NASCAR rule-breakers face playoff exclusion

Next Gen NASCARs in testing. Picture: NASCAR Twitter

Teams could be excluded from the NASCAR Cup Series’ playoffs for the most serious rule breaches under a new regime for the Next Gen era which kicks off this year.

NASCAR will continue to use a tiered penalty structure, but now has the option of particularly harsh sanctions for tampering and counterfeiting of Next Gen single-source vendor parts.

According to the category’s senior vice president of competition, Scott Miller, there is a direct relationship between the new technical ruleset and the new judicial rules.

The most serious, L3 sanctions relate to the control Next Gen parts, as well as matters engines, tyres, and fuel.

“To make sure that all of those things stay above board, there’s going to have to be a culture shift from the way that the teams and NASCAR, for that matter, have done business,” said Miller.

“So, this deterrence model has more meat in it, more meaningful penalties, but I think we all thought that it was it was time for this with the introduction of the new car.”

The new penalty regime is summarised as follows:

L1 penalties

Violations include:

  • Post-race failure to meet minimum weight requirements
  • Team source parts not meeting the NASCAR Rules, but not rising to a higher-level penalty
  • Failures in the submission and approval process of parts

Penalty options include:

  • Points deductions: 20-75 points
  • Playoff points deductions: 1-10 points
  • Suspension of one crewmember for 1-3 races
  • Fines: $25,000-$100,000.

L2 penalties

Violations include:

  • Modifications to single-source Next Gen parts not rising to L3 level infractions
  • Violations of engine-seal requirements
  • Unapproved alterations to the engine control system wiring
  • Use of unapproved on-board electronics

Penalty options include:

  • Points deductions: 75-120 points
  • Playoff points deductions: 10-25 points
  • Suspension of one or two crewmembers for 4-6 races
  • Fines: $100,000-$250,000

L3 penalties

Violations include:

  • Counterfeiting or modifying single-source Next Gen parts
  • Engine infractions (cubic-inch displacement, compression ratio, assembly and internal components) and performance enhancements (nitrous oxide, vacuum leaks)
  • Engine Control Unit (ECU) or Electronic Fuel Injection (EFI) violations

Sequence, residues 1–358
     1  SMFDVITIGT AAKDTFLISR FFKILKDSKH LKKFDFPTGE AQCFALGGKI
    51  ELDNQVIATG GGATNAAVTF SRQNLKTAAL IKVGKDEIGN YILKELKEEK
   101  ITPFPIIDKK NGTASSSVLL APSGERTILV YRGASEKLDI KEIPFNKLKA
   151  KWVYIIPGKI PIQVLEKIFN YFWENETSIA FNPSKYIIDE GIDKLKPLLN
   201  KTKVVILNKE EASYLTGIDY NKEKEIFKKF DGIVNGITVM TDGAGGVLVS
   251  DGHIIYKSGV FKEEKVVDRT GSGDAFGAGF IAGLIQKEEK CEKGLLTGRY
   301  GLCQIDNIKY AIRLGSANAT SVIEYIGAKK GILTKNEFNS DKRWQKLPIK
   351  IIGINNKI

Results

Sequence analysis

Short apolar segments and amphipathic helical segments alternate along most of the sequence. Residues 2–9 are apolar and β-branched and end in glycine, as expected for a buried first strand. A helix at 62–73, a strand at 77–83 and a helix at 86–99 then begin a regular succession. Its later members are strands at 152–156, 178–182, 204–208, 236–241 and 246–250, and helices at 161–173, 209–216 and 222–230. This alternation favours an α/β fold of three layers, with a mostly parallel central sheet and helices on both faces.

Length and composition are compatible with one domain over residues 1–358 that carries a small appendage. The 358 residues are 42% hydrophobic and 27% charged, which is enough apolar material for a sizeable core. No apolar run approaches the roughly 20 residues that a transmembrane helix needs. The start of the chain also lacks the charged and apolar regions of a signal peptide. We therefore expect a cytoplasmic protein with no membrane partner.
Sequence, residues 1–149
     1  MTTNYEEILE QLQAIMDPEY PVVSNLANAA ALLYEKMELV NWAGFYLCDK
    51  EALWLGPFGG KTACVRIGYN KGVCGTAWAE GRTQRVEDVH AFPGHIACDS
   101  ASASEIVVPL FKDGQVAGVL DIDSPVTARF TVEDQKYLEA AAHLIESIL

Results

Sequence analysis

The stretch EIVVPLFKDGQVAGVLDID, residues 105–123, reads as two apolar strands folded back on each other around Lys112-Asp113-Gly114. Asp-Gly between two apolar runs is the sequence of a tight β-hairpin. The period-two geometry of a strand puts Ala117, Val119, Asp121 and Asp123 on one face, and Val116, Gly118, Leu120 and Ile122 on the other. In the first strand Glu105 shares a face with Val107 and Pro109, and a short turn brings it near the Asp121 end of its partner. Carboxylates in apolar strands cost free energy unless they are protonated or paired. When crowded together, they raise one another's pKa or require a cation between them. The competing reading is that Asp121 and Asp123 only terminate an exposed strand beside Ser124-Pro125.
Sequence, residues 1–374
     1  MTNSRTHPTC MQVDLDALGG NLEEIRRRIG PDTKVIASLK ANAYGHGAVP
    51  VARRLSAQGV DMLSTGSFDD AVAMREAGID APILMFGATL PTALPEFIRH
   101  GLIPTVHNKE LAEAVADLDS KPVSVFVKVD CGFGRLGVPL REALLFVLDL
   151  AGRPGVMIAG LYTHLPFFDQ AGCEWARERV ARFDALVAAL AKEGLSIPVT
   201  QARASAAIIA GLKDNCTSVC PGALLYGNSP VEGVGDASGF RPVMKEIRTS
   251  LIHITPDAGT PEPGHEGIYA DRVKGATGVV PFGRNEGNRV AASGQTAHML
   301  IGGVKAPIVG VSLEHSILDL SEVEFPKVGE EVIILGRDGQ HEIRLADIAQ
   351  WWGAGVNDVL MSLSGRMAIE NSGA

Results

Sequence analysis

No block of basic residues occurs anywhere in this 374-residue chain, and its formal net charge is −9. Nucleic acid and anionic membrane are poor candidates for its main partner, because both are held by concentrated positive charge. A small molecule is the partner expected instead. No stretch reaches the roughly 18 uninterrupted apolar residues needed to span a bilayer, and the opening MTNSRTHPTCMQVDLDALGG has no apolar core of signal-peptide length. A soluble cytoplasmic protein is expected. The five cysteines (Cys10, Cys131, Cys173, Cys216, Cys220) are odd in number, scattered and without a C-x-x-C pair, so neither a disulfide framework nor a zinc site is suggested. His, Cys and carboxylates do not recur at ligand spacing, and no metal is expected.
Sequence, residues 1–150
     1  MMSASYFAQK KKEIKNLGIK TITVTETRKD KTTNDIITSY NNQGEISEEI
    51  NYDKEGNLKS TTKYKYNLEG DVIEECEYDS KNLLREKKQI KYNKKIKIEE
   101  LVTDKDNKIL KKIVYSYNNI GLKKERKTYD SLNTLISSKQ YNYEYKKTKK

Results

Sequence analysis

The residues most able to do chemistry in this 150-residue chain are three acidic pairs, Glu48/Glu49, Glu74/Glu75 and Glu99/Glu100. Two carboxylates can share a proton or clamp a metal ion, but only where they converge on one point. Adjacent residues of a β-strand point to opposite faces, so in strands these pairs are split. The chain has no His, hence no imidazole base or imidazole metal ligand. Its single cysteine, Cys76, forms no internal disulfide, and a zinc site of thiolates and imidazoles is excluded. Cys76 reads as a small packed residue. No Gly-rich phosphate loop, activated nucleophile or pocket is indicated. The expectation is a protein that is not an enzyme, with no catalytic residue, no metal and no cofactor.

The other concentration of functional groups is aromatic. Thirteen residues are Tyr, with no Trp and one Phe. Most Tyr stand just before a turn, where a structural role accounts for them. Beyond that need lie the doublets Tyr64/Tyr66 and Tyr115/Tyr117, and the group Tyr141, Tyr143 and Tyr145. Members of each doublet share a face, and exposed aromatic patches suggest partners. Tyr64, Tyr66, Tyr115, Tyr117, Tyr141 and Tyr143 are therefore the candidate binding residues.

• Modifying tires and/or fuel
  • Violations of private team testing policy

Penalty options include:

  • Points deductions: 120-180 points
  • Playoff points deductions: 25-50 points
  • Suspension of one or two crewmembers for six races
  • Fines: $250,000-$500,000
  • Nullifying postseason eligibility, regardless of wins, points and other qualifying criteria
  • One-race suspension for the team, in the event of repeat high-level violations

Teams are said to broadly support the new system.

“If there aren’t penalties for altering parts and pieces on the new car, then the business model with new car won’t work,” noted Miller.

“So, it was definitely something that was pressed for hard by the teams, and we’re doing our due diligence for establishing all the inspection procedures and all the different things.

“The rule book is a completely new rule book with lots more specifics than there were in the past.”

Miller furthermore explained that regular-season penalties were sometimes not sufficient deterrence to rule-breakers.

“If a regular-season violation has playoff ramifications to it, obviously I think the teams will take that much more seriously than they ever did points with the current playoffs and playoff-point format that we have,” he added.

The switch to centre-lock wheel nuts with Next Gen has caused another tweak to the rules.

References to unsecured lug nuts have been replaced with penalties for the loss of an improperly fitted tyre/wheel, which still carries a four-race suspension for the offending team’s crew chief and two additional crewmembers.

The Next Gen cars debut in competition when the 2022 season gets underway next month.

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